Major Schulz’s force moved eastward from Heraklion on the night 25th–26th May over “difficult ground occupied by the enemy”. At dawn Schulz “attacked the weakly-held Hill 296 (Apex Hill) ... from several directions and captured it”. From this hill Schulz established contact with Brauer and there his men beat off “counterattacks by weak enemy forces from the direction of Knossos”. (These were Greeks.)

On the 27th yet another improvised battalion formed from the remnants of various units of XI Air Corps was landed in the Gurnes area, and Brauer was instructed that, after a preliminary air bombardment, he was to capture the airfield and keep it open for German aircraft. He decided that he had not time to prepare an attack for the 28th but that it should open on the afternoon of the 29th.21 However, on the night of the 28th, the Germans saw ships off shore; and next morning patrols found the airfield unoccupied and the town empty. The German report adds: “500 prisoners were taken ... 200 of our own prisoners were set free. Greek forces of approximately 1,000 officers and men still remaining in the eastern part of the island capitulated” (evidently another 1,000 Greek soldiers had either gone into the hills or had prudently become civilians overnight).

From the German point of view the operation against Heraklion had been a series of minor disasters in which one error was piled on another. In the first place the plan was based on faulty intelligence which greatly under-estimated the British garrison. But, even if the defending force had been only one-third as strong, that would not have justified giving Colonel Brauer’s force four simultaneous objectives – Gurnes, the airfield, the town, and west flank protection – instead of concentrating it against one at a time. Finally, the tactical error, common to most German paratroop operations on Crete, was made of landing a great part of the attacking force in the midst of a closely-defended area, a practice that proved disastrous where their antagonists were experienced troops, well dug in. And, because ,no account had been taken of the probability of transports being destroyed and damaged in the first sortie, the second wave was not only seriously under strength but could not maintain its time-table and landed piecemeal.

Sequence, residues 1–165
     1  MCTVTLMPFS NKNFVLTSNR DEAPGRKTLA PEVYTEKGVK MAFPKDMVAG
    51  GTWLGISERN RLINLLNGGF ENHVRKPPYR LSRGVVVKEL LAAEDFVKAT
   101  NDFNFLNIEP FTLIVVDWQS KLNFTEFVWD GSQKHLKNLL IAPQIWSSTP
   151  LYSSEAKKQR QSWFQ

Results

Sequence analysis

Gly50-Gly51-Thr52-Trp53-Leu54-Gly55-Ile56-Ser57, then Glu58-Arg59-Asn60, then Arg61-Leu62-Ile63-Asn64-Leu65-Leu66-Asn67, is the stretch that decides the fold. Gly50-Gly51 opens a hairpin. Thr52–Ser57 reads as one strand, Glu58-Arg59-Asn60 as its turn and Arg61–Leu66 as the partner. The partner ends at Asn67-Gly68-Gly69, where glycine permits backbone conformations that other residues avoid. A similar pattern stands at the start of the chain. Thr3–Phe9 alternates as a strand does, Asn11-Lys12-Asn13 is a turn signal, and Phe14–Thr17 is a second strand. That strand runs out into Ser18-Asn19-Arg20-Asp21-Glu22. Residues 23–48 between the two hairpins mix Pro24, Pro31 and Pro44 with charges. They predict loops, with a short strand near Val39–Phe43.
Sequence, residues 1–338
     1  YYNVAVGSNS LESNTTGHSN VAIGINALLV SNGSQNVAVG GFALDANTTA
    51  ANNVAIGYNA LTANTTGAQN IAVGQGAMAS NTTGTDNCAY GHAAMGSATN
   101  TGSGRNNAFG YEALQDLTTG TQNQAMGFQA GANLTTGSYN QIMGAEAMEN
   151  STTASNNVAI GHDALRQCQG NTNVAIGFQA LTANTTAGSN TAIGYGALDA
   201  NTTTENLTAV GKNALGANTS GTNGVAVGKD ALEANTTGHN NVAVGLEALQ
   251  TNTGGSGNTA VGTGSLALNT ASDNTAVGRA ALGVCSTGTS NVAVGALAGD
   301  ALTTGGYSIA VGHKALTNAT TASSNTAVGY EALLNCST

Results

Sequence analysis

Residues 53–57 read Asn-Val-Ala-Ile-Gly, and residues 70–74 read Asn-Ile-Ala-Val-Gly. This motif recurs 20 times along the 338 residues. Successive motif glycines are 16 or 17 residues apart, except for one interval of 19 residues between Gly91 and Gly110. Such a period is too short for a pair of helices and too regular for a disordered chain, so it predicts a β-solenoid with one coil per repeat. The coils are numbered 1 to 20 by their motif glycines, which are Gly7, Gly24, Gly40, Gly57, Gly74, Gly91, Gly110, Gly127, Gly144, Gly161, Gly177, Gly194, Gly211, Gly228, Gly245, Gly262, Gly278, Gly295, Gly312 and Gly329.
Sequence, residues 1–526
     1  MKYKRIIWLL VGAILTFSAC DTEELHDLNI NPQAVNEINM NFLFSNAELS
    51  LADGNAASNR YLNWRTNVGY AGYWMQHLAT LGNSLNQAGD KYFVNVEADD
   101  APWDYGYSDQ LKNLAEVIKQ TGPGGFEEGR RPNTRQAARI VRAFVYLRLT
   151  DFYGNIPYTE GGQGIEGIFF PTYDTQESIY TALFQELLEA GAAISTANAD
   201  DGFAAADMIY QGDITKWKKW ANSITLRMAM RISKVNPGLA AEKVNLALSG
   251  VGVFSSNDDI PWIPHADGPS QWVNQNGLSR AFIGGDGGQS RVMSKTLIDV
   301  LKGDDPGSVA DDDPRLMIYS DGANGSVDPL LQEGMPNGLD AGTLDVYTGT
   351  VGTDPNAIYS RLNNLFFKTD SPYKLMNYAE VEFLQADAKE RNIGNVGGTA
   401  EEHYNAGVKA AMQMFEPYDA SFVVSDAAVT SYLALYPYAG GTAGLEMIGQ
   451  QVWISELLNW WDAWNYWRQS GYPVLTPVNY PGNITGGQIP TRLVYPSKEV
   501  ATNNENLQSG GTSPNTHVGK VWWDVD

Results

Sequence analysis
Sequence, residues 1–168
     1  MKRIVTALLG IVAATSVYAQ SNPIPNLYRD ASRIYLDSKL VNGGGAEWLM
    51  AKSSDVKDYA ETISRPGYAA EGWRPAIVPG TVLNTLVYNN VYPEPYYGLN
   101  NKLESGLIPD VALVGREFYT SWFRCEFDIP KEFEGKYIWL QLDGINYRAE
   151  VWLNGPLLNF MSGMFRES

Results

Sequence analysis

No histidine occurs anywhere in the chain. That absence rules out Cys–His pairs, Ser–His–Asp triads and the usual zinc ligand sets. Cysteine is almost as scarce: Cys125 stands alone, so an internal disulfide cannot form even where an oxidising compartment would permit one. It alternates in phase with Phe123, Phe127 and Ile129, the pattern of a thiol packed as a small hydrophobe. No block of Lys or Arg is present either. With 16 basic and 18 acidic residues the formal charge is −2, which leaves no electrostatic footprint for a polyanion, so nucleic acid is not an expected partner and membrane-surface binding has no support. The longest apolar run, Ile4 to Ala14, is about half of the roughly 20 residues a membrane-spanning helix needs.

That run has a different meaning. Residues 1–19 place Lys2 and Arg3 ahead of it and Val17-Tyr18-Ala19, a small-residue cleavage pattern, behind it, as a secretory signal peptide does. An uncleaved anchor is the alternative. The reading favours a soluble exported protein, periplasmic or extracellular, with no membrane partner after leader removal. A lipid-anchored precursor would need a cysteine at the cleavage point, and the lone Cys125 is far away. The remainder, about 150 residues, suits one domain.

Having lost nearly half his force in consequence of these errors and omissions on the part of the higher command, Brauer’s only opportunity of local success lay in concentrating his force and attacking a single objective – the airfield or the harbour. Instead he kept his forces apart and made ineffective thrusts at both objectives and, having failed, remained inactive until the 24th when he was ordered to concentrate on the eastern flank and keep the airfield under fire. On the 28th, when he was reinforced by two battalions, he was still laboriously concentrating for an attack. It appears that the initial failures and the heavy losses and confusion which they entailed dealt Brauer and his subordinates a shock from which they never fully recovered.

Should the British commander have been more active in the face of an attacker whom he had so thoroughly disorganised? His signal of the 27th to General Freyberg shows that he had considered, among several courses of action, gaining control of the road to the south coast or opening the road to Retimo. Brigadier Chappel’s defined task, however, was to hold airfield and harbour. This he did with complete success. After the fight for

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Crete had been lost, a gallant but costly naval enterprise enabled the force to be picked up and taken to Egypt, where, in those days, four good battalions were a reinforcement of greater relative value than a division would have been a year later.